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Australia: A Biography of a Nation
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Australia: A Biography of a Nation

3.97  ·  Rating details ·  132 ratings  ·  17 reviews
Part history, part travelogue, part memoir, this is the inspiring story of how a one-time British colony, settled by only two kinds of citizens - convicts and jailers - turned itself into a proud, prosperous and confident country, the greatest sporting nation on earth, where the citizens of its high-leisure cities enjoy a lifestyle that is the envy of the world.

Through the
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Hardcover, 352 pages
Published November 28th 2000 by Random House UK (first published 2000)
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Average rating 3.97  · 
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 ·  132 ratings  ·  17 reviews


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Tanya
Phillip Knightley's Australia: A Biography of a Nation is a hard book to categorize. Parts of it read like dry academic text, parts are very anecdotal, a whole chapter sings the praises of Australian sports teams, and in places the author reminisces about his childhood. Sometimes I was bored (1970s political machinations don't interest me much), and other times I was absorbed (yes, explain to me how in 30 years "White Australia" turned into a multicultural society?). Of all the books I've read ...more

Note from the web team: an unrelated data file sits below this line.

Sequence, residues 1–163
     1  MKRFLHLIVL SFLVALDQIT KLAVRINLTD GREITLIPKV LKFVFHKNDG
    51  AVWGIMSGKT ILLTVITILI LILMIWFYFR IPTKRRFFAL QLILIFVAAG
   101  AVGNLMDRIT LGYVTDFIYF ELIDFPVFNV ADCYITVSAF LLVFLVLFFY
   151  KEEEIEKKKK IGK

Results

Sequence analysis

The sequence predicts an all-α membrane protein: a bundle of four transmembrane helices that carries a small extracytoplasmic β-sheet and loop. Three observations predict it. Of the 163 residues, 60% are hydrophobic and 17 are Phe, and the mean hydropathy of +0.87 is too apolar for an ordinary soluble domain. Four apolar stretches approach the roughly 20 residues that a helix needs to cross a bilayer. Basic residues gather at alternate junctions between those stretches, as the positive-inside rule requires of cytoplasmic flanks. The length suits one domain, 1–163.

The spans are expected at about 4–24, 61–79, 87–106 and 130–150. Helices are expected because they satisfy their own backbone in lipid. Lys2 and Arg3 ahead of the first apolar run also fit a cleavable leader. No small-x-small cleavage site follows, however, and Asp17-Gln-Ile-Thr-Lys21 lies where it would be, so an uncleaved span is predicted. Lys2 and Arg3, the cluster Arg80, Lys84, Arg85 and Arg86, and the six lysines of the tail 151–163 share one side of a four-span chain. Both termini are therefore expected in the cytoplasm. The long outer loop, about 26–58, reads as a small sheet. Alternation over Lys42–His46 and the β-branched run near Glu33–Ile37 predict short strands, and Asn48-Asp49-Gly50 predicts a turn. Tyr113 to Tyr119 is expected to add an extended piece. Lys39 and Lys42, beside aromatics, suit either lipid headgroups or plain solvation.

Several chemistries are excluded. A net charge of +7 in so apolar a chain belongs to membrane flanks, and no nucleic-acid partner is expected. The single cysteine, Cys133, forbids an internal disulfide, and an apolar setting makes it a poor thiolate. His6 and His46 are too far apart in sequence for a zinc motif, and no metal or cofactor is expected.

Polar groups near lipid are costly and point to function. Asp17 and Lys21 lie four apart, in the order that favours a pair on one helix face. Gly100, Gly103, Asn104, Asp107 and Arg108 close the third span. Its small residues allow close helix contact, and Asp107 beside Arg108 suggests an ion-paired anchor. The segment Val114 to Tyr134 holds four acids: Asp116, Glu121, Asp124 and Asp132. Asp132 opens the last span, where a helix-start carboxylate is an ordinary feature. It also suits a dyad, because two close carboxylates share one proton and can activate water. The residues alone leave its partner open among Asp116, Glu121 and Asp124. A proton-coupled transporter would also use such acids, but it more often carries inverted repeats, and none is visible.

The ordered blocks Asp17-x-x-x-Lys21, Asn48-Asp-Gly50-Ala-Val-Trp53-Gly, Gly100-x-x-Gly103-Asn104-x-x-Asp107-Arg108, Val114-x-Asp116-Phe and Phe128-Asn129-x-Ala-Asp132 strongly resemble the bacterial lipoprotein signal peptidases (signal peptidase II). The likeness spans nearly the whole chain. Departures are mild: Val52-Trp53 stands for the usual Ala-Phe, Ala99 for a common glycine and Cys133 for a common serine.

Anne
Oct 13, 2018 rated it it was amazing
I have been in love with the idea of Australia since I was a small child and one of those magazines like Ranger Rick had an article about the wave rocks near Perth.
Then I picked up this book in 2002/2003 and read the first chapters. A government that took care of its people?! Health care that is fiscally manageable for the average person. I was in love. (What’s the term for someone in love with Australia? There are anglophiles and francophiles...)
However I did not get beyond chapter 3 all those
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Vito
Jul 02, 2012 rated it really liked it  ·  review of another edition
I didn't know anything about Australian history before reading this book, except maybe that it was discovered by a British guy a bunch of centuries ago, so I was uncertain where to start from. This was a very good choice: I think it's almost impossible to squeeze in many more facts in only 350 pages, and yet it doesn't feel like everything is just crammed in. The author manages to take his space to digress on some subjects and he is also capable of being humorous from time to time -- which, in ...more
Achyut
Dec 19, 2017 rated it really liked it